|WikiProject Engineering||(Rated Start-class, Mid-importance)|
|WikiProject Physics||(Rated Start-class, Low-importance)|
[I made an incorrect comment and then removed it - sorry. Chris]
Image of Brinell-tested tensile specimenEdit
Would this be of use in illustrating the concept?--18.104.22.168 20:18, 5 April 2007 (UTC)
HBS compared with HBWEdit
What is BHN?Edit
Why is this article classified in the category of Dimensionless numbers? Is not Brinell hardness a quantity that has the dimension of pressure? Doesn't it follow from the definitions in this article that the unit of BHN, as defined here, is kgf/mm² (in gravitational metric system), and that the unit of HBW is N/mm², which is the same as one megapascal (in SI units)? Both are units of pressure. -FKLS Maybe it is customary to omit its units, but these are what the numbers really mean. (talk) 07:08, 7 March 2014 (UTC)
This wikipedia article plagiarizes the page at http://www.engineersedge.com/manufacturing/brinell_hardness_test_equation_13173.htmEdit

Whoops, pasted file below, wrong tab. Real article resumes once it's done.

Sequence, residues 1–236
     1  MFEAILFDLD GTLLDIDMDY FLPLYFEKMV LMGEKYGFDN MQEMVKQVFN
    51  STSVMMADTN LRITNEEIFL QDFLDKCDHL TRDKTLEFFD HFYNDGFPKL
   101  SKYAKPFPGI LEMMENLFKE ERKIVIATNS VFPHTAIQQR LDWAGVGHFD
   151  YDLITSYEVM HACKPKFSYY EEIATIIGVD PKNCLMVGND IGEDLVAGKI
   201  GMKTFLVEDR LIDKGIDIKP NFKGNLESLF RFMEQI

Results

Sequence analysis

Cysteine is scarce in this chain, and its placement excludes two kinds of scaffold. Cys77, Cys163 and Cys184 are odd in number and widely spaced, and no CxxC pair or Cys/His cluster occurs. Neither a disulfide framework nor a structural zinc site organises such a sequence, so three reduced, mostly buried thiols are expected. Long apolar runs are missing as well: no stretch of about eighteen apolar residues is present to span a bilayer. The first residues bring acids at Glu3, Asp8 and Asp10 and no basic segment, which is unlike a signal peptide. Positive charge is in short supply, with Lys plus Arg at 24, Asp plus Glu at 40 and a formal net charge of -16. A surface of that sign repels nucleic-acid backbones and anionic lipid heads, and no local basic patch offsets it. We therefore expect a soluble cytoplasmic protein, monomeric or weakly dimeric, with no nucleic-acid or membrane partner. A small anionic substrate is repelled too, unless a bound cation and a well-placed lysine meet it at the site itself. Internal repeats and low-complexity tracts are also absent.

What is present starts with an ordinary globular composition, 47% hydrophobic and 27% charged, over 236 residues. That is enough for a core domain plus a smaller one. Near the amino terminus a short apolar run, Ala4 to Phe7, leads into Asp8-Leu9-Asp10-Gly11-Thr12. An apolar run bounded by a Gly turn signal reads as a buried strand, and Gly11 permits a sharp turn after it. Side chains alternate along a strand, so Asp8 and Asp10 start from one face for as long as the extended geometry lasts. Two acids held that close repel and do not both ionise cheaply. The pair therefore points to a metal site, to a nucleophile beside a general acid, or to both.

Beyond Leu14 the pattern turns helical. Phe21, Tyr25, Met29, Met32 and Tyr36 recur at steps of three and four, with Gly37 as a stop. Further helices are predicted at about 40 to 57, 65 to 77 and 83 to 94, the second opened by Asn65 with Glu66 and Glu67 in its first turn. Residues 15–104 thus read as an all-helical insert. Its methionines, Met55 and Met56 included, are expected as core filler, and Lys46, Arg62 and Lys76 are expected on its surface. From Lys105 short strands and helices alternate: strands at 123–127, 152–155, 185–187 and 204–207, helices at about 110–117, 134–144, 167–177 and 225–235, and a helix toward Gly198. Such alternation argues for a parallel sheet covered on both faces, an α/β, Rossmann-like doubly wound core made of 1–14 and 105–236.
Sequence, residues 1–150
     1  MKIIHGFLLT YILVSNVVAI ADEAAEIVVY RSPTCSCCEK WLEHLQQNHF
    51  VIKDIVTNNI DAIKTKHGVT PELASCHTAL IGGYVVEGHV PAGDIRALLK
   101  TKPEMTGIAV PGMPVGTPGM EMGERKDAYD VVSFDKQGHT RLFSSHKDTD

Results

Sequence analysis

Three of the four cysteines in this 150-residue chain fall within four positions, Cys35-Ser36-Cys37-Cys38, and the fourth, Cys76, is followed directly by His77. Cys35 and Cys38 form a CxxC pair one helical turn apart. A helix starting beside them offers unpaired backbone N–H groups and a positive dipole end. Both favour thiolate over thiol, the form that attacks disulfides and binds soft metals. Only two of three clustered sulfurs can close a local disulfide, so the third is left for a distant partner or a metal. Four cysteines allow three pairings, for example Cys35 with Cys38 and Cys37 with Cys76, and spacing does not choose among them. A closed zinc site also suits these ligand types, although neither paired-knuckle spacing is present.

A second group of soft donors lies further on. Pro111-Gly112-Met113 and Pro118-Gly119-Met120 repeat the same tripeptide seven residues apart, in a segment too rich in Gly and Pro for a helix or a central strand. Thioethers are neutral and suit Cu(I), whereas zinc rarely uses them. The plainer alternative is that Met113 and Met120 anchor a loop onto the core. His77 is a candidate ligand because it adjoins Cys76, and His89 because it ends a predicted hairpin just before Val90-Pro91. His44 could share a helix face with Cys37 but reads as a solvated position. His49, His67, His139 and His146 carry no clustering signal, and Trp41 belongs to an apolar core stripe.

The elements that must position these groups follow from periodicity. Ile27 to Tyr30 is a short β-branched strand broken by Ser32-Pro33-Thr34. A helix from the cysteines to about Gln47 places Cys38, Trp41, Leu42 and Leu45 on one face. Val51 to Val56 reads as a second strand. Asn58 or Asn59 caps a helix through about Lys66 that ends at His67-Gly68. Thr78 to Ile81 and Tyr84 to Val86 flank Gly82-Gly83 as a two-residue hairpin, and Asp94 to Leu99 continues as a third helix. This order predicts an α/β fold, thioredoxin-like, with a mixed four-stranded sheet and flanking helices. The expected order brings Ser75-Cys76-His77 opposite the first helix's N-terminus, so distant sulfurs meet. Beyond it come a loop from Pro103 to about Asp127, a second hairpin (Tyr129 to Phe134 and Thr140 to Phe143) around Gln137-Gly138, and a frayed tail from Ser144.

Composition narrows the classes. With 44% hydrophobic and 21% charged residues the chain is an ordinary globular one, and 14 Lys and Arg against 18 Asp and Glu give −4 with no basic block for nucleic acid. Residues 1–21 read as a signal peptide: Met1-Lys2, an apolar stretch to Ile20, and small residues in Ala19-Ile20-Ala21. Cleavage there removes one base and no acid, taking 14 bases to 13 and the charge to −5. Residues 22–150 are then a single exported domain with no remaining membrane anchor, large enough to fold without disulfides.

I will be notifying their administrators that someone here has infringed their rights.
The standards referencedEdit
The standards referenced need to be updated, as new the ones referenced were withdrawn and replaced by a newer version on 2014. Additionally, the pages linked to the standards are wrong. I tried following the standard EN ISO 6506-1:2005: Metallic materials – Brinell hardness test – Part 1: test method and it was linked to a Vickers (NOT Brinell) standard (also withdrawn) — Preceding unsigned comment added by 22.214.171.124 (talk) 10:56, 24 January 2019 (UTC)
Non-Destructive - ClarificationEdit
I made an account because I saw something I could help clarify. The advantages section has a confusing tag at the top.
Brinell Testing is seen as non-destructive since it minimally damages the part in question, and it does not impair the function, compared to endurance testing, which usually breaks the part entirely.